Neal chuckled despite his anger, and the tension lifted. "That'd be a fantastic headline."

Peter smirked and figured he'd had that one coming. A silence then filled the room, so he took a pull from his beer before setting it back on the table. "Neal, we just can't leave it like this."

"Like what?"

"Things can't be like this between us. Not out in the field. That's when people get hurt, and I take that personally whether it's you or Jones or Cruz or anyone else on my team."

Neal did an eyebrow hike and watched Peter closely. "You seriously don't put me in the same category as those two."

"No, I put you above them. We're partners, remember?"

"Partners give each other space and room to operate," Neal said stubbornly.

Peter looked amused, if unimpressed by the response. "Oh you've got space. You've got 12 bedrooms, eight bathrooms, five kitchens and two miles of Manhattan. That's a lot of space, especially if you slow down and actually walk through it."

"Peter, that is so not my speed."

The older man laughed, then sat there with his eyes closed, trying to put in perspective much of what had happened over the last few months. When he opened them he saw Neal staring at him, an unspoken question between them.


"Why'd you really get me out of prison?"

Peter smiled tighly, unsure how to answer the question. Suddenly, a voice floated across the room. "Because you're strong and you're smart and you're loyal. You have the gift of making people want to root for you, Mr. Caffrey. You're a real people person."

They both looked at June until Neal shrugged, pulling to his feet and sticking his hands in his pockets. "So that's all it takes, huh? Good looks and charm."

Peter also stood, blocking Neal's exit. "You know it comes with a price, Neal."


"It could all come crashing down again," June warned. "Nobody wants to see that happen."

Neal turned to Peter, putting a hand on his shoulder. "Don't worry, June. This guy will never let that happen."

Peter shook his head. "No, because this guy is still going to be checking up on your late-night visitors and tracking your location if he feels the need to. But he'll also try harder to extend the same trust you've put in him."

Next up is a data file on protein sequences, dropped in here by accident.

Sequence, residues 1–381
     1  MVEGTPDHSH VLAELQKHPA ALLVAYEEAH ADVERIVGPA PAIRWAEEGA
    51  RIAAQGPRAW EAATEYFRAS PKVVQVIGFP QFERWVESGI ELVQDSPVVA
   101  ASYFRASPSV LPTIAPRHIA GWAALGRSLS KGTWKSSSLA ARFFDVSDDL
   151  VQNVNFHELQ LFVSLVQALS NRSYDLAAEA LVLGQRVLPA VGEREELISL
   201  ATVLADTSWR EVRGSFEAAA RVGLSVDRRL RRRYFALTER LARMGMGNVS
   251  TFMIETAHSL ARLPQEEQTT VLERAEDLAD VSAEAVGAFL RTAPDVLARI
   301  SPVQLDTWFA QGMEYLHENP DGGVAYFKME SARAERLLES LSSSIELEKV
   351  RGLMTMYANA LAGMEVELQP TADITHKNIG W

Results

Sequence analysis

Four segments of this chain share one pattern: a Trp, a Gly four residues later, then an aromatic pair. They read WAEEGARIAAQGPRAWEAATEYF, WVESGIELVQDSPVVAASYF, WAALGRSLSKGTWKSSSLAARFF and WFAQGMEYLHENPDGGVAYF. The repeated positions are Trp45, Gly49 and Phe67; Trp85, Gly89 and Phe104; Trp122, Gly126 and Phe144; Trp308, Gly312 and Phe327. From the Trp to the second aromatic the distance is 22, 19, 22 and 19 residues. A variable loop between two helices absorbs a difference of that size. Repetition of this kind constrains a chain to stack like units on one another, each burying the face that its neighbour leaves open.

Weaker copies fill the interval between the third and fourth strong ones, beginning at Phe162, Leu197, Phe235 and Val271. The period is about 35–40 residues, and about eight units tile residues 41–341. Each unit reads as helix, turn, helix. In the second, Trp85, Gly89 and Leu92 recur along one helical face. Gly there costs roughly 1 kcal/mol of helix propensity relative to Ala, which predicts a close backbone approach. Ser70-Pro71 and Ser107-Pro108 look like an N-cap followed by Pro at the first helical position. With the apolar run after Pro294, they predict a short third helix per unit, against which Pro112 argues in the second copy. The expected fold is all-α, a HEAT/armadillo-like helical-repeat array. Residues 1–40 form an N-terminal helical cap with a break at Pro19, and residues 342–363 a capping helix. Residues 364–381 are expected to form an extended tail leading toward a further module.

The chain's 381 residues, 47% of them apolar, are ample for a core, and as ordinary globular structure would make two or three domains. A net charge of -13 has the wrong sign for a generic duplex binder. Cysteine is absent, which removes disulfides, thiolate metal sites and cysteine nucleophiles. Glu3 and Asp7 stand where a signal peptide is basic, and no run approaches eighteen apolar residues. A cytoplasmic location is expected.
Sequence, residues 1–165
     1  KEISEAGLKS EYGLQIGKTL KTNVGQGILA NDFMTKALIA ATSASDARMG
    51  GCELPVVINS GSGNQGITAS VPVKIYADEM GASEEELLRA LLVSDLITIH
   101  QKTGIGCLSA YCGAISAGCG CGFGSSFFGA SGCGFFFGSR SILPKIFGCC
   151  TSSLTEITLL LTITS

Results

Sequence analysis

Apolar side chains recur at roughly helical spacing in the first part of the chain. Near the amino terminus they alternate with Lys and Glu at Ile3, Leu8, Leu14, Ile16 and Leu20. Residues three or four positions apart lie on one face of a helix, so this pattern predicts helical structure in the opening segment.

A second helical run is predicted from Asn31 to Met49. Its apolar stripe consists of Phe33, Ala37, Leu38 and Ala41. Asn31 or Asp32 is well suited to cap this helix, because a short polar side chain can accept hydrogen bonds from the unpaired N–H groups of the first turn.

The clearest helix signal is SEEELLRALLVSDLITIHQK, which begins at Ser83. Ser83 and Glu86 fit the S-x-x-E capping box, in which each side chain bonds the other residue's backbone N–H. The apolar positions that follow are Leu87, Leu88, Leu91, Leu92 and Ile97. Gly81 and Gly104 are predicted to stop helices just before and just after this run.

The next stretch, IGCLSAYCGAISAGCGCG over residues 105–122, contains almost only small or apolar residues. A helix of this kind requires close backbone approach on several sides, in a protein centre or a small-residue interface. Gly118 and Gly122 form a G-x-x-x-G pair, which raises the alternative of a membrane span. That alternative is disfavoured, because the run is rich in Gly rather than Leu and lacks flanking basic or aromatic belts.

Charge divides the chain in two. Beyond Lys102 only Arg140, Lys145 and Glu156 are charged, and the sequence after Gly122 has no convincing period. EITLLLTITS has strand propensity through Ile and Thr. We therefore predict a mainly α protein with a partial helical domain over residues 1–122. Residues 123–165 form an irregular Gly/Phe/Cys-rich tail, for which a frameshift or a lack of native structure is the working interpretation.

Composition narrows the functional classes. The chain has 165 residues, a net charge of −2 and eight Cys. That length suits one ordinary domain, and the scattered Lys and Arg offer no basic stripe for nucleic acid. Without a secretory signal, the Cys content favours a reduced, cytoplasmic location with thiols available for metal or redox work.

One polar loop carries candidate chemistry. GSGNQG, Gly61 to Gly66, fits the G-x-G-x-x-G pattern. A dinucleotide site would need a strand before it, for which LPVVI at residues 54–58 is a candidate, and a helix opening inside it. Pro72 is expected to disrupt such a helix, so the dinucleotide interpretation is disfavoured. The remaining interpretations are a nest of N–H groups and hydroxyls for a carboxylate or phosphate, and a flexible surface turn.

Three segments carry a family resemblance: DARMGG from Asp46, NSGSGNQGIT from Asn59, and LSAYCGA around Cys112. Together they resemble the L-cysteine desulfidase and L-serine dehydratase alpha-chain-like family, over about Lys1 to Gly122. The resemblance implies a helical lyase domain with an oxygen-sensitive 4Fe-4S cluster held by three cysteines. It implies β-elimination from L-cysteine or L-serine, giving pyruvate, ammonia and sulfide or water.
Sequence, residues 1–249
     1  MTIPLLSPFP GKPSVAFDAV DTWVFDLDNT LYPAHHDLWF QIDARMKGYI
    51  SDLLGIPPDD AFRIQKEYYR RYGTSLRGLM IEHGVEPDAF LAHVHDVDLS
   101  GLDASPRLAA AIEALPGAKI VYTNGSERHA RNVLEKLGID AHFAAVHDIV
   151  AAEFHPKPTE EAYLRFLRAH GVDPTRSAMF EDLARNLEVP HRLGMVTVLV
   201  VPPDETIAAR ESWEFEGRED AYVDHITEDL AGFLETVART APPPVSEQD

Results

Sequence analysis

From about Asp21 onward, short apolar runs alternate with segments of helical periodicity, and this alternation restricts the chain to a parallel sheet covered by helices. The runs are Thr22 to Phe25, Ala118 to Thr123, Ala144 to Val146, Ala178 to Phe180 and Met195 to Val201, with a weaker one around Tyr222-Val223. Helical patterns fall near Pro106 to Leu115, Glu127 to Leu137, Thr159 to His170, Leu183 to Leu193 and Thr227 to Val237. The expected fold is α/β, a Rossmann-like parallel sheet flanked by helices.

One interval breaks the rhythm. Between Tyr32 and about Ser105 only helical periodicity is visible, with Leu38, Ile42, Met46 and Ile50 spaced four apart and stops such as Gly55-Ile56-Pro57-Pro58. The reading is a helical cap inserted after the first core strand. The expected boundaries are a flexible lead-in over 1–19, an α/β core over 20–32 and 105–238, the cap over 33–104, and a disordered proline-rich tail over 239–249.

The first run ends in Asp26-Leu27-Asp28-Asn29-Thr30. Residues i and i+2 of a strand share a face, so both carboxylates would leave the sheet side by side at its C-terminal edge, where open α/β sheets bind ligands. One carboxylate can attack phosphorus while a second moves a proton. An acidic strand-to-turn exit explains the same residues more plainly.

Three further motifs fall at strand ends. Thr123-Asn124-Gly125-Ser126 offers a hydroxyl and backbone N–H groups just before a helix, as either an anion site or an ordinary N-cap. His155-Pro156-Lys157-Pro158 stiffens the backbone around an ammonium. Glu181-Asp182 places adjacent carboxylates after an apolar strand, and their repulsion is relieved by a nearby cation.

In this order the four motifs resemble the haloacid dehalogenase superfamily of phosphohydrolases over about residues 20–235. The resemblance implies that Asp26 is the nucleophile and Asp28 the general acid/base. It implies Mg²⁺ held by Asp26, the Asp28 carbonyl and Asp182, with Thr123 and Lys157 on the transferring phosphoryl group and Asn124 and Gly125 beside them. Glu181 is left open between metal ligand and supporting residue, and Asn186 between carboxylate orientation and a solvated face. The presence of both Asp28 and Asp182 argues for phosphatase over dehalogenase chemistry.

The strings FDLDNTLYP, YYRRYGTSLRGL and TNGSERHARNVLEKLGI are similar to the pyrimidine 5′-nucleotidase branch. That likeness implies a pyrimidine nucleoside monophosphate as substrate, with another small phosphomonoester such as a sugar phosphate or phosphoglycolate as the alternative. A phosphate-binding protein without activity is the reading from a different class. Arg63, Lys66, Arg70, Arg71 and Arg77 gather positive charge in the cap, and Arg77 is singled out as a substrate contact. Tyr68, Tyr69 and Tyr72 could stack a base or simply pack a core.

Neal took a deep breath and clasped Peter on the back. "Peter, you wouldn't be you without the suspicion. I'm learning to live with it."

"And you wouldn't be you without making me suspicious."

June left the room and Peter moved to follow, his hand on the light switch. He turned back, though, and watched as Neal made a quick sketch on a small easel sitting in the corner. Four lines. A long one intersected by two perpendicular ones at each end. There was also a short line in the middle.

Neal finished and dropped the charcoal only to find Peter looking at him quizzically.

"What is it?"

"It's the Native American symbol of spiritual protection," Neal answered. "The left line means winyan, or woman. The right is wicasa, or man. The center line is the wakanyeza, or child. Not a perfect example but … it works. Sort of like we've found a balance."

Peter nodded in understanding, then watched as Neal turned the tablet sideways. "Same symbol, but now it holds a different meaning -- the Universal Law of Truth. The upper line is heaven and the bottom line is Earth. The middle line is the creation of innocence. It has no right and no wrong. It results in truth."

"We're getting there -- slowly," Peter told him as he finally extinguished the light and headed for bed. But when Neal didn't follow he crept back to the door, flipping the switch back on.


Peter smirked. "That was a nice little power play tonight at my place, don't 'cha think?"

Neal rolled his eyes and shook his head. "Does everything with you have to be a sports analogy?"

"C'mon, let's head upstairs," Peter urged. "Rangers are on the West Coast so we might be able to catch the end of the game."

Neal smiled, extinguished the light. "There are 12 bedrooms in this place, remember? I'm sure you can find somewhere else to watch the game."

"Are you kicking me out?" Peter asked, though he couldn't suppress a laugh.

"Nah," came the reply. "That can wait 'til tomorrow."